UK brings in new rules to make fake reviews illegal

·Finance Reporter, Yahoo Finance UK
·3 min read
New rules
New consumer protection rules will tackle fke reviews and subscription traps. Photo: Getty

The government is implementing new rules such as making it “clearly illegal” to pay someone to write or host a fake review in a bid to shield the public from rip-offs.

The legislation will provide protection for shoppers’ savings clubs – where consumers can pay for goods and services in instalments throughout the year – which are not currently covered by the Financial Services Compensation Scheme.

Plans also include making it clearly illegal to pay someone to write or host a fake review, so people are not cheated by bogus ratings, and clearer rules for businesses to make it easier for consumers to opt out of subscriptions so they are not stuck paying for things they no longer want.

Under the new rules, businesses must provide clearer information to consumers before they enter a subscription contract, send a reminder that a free trial or low-cost introductory offer is coming to an end and ensure consumers can leave a contract in a “straightforward, cost-effective and timely way”.

The average UK household spends around £900 each year influenced by online reviews and spends £60 on unwanted subscriptions.

Prepayment schemes like Christmas savings clubs will have to fully safeguard customers’ money through insurance or trust accounts.

It means even if the company goes bust, shoppers’ money will still be protected and it aims to prevent issues such as the collapse of Christmas savings club Farepak in 2006, when thousands of customers lost money they had been saving all year to spend on their family Christmas.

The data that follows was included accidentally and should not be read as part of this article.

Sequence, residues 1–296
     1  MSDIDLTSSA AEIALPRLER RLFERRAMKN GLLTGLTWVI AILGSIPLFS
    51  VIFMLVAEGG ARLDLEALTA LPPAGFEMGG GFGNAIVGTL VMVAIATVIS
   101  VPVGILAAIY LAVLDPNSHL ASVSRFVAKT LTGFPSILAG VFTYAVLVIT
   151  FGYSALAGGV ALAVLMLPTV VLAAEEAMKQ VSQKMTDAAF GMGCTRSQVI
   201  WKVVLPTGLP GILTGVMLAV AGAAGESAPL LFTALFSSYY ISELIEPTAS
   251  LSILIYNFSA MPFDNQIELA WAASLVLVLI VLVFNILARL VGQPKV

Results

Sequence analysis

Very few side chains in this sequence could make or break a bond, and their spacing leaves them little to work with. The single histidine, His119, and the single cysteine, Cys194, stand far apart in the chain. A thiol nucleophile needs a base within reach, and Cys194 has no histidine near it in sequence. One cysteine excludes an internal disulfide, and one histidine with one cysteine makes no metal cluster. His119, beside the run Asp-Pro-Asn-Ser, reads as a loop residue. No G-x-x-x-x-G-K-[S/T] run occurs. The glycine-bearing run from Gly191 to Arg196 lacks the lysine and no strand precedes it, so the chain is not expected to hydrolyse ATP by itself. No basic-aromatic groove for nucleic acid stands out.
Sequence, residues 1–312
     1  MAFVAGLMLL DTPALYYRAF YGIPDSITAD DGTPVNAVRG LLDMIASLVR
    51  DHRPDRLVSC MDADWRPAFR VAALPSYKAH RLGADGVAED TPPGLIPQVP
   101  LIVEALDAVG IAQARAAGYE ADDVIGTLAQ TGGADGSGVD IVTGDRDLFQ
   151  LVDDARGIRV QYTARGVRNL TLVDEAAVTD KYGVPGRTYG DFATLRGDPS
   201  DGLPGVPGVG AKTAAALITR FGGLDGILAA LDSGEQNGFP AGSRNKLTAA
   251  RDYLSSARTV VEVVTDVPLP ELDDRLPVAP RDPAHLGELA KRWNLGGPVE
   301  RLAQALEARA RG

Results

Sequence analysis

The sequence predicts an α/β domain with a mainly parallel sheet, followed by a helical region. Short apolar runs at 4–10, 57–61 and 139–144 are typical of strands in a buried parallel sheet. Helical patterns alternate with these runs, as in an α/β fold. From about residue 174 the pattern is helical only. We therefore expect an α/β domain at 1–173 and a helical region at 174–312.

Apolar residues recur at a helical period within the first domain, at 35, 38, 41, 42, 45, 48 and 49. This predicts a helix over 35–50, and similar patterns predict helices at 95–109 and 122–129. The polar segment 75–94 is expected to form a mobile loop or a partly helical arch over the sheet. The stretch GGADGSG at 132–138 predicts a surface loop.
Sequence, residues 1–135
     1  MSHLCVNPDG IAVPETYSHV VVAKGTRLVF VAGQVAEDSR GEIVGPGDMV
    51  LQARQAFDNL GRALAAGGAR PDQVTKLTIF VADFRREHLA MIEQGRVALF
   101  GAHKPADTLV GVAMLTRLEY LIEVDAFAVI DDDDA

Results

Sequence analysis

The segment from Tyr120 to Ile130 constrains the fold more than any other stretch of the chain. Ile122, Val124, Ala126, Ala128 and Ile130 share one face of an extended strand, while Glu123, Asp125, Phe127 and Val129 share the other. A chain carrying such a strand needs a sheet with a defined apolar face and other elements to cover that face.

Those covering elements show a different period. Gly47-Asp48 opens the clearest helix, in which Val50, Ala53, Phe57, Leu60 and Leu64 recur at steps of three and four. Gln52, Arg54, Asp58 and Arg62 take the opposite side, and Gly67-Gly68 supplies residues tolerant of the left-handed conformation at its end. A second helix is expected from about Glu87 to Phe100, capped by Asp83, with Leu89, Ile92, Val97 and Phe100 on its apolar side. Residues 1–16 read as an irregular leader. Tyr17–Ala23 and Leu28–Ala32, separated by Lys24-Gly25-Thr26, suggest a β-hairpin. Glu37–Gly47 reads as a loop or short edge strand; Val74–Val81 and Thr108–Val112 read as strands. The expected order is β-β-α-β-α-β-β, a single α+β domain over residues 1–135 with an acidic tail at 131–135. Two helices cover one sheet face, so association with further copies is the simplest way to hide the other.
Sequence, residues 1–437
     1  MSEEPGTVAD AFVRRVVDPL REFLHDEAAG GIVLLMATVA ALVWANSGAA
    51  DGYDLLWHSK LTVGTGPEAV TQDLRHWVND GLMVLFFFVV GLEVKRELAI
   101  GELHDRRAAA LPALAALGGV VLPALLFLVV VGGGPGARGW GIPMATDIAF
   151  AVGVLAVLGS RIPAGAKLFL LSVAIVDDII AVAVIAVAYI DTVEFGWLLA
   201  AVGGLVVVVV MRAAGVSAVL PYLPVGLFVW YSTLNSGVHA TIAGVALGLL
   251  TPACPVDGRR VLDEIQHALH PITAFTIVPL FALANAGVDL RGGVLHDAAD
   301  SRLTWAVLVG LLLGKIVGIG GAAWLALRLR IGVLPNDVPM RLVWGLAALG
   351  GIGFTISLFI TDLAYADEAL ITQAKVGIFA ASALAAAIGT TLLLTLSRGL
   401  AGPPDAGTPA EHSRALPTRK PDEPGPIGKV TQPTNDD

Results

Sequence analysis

To beef up the enforcement of consumer protections, the Competition and Markets Authority (CMA) will be able to directly enforce consumer law, including new powers to fine firms up to 10% of their global turnover for mistreating customers, or up to £300,000 in the case of an individual. This replaces going through a court process which can take years.

Consumer Minister Paul Scully said: ”We’re making sure consumer protections keep pace with a modern, digitised economy.

“No longer will you visit a five star-reviewed restaurant only to find a burnt lasagne or get caught in a subscription in which there’s no end in sight. Consumers deserve better and the majority of businesses out there doing the right thing deserve protection from rogue traders undermining them.”

Citizens Advice director of policy, Matthew, Upton said: “With pressure piling on household budgets, it’s good to see action that’ll make it easier for people to protect their cash.

“The measures to deal with subscription traps are particularly welcome. We hope these will help bring unscrupulous traders to book and stop shoppers being duped by underhand tactics.”

CMA chief executive, Andrea Coscelli, said: “This is an important milestone towards strengthening the CMA’s ability to hold companies to account, promote fair and open markets, and protect UK consumers.

“The CMA stands ready to assist the government to ensure that legislation can be brought forward as quickly as possible, so consumers and businesses can benefit.”

The new measures will apply in England, Scotland and Wales as consumer protection is devolved in Northern Ireland.

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